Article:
In the church services we participated in, we were invited to further lose ourselves by joining our voices in the words of the Book of Common Prayer. These words, though spoken in Spanish, were familiar to me by my family’s occasional attendance in Episcopal churches throughout my childhood and in the Wesley Foundation’s weekly celebration of the Eucharist. Theoretically, the importance of liturgy in its transcendence of tongue and nation and time has always made sense to me but it was not until I was standing beside these believers, in a place I had never been, stumbling over words in language that I did not know, that this transcendence was made real to me. It was there, in the familiar rhythm of the Holy Eucharist Rite Two, that the Holy Spirit showed me that it is in losing myself, in losing my voice to the crowd, that I am united to the Body of Christ.
I was reminded that to know that I am loved by Jesus is to be reminded weekly and daily of His body and blood - to admit my weakness and to rely wholly on the grace of Jesus, manifested in the sacraments. To know Jesus is not to merely know about Him but to be caught up in the rhythm of the celebration of His sacrifice for us that hems us in through hope with our brothers and sisters - co-heirs and co-laborers - and binds us to the grace and kindness that caused us to hope in the first place. I found that what I had seen as “merely” trust was really the beginning and the end of my faith. As the writer of Hebrews tells us, it is because we are surrounded by so great a cloud of witnesses that we are able to throw off everything that hinders us and run with endurance the race before us. If the Eucharist teaches us to hope, it is because it assures us, when we are most unsure, that we are members of a mystical body of believers.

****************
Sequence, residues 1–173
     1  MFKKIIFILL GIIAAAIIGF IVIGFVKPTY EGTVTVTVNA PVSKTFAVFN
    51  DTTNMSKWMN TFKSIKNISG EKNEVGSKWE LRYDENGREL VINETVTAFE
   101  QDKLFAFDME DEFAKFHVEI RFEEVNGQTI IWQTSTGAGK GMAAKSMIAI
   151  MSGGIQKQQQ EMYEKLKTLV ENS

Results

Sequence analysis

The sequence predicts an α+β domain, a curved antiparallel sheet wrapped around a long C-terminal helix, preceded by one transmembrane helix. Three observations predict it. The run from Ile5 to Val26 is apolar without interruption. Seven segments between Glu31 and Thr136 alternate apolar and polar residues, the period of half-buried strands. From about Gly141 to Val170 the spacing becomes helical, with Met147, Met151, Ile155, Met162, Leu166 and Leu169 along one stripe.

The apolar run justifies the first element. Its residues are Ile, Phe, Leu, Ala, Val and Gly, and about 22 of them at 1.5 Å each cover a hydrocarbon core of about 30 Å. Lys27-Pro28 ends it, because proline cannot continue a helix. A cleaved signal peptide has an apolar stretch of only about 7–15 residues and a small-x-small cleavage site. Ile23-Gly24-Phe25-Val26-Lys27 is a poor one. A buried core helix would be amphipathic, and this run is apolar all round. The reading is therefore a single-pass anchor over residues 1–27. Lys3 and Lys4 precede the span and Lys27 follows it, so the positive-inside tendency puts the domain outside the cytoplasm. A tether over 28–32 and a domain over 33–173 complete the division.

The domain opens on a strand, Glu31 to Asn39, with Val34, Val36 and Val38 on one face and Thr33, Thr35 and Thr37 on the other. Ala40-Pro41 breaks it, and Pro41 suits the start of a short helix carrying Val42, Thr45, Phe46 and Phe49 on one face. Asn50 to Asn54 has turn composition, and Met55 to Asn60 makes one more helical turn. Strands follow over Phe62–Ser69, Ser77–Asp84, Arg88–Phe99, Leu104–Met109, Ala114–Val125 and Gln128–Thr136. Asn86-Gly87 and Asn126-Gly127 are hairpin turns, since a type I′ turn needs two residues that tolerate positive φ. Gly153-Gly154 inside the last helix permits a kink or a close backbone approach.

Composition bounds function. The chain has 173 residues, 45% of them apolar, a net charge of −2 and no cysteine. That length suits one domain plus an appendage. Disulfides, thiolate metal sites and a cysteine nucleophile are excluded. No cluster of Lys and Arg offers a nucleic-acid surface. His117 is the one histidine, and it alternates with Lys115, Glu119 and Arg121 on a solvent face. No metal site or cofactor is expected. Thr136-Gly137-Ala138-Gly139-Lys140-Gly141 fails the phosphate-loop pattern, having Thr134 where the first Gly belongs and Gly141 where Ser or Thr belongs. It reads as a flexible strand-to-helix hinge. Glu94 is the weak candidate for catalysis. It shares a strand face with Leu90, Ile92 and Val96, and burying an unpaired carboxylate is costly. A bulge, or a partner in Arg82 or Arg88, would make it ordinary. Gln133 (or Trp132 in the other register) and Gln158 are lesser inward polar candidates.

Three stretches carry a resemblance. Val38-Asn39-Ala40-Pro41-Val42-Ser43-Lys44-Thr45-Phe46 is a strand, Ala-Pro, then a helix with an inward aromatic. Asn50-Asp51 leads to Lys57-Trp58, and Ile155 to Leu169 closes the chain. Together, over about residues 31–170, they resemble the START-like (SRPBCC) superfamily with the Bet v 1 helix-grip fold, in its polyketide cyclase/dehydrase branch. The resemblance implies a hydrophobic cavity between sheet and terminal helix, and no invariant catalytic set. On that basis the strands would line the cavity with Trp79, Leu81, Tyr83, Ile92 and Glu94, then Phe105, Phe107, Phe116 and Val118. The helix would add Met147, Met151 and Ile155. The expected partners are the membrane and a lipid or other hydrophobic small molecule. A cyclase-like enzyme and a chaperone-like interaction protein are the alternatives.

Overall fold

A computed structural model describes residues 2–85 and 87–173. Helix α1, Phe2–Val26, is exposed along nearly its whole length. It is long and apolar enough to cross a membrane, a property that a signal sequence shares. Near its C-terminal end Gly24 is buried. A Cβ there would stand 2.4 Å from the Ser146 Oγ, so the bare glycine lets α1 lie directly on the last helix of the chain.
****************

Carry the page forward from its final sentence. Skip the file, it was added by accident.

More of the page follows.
Often hope seems like a bittersweet word to me - a word of future good, implying present suffering. I think that in many ways it is this but it is also more than this. In Mexico, I was reminded of a living hope. I was taught to hope, not in what I may one day feel or for a salvation that I may one day achieve but for a good inheritance that I have already been given. An inheritance that I do not earn but that was in fact given to me at the very moment I felt I deserved or even understood it the least. An inheritance that I do not receive alone but that I receive with the multitude of saints across the world and throughout time, the company of the blessed, the poor in spirit, who proclaim that they are very members incorporate in the mystical body of God’s Son and also heirs, through hope, of His everlasting kingdom.
I will forget these things, no doubt. I will feel lost. I will wander. I will question why I haven’t yet moved passed my brokenness or doubts. But Jesus does not tell us to figure everything out before coming to Him - instead, He gives us hope. He tells us to ask, trusting that He will answer. He tells us to lose ourselves and follow Him because it is in losing ourselves that we are found and it is through hope that He calls us heirs and invites us into the joy of our salvation. He calls each of us to do this individually, but when we do we will look around to see that there are others, too, who hope with us and sometimes even for us.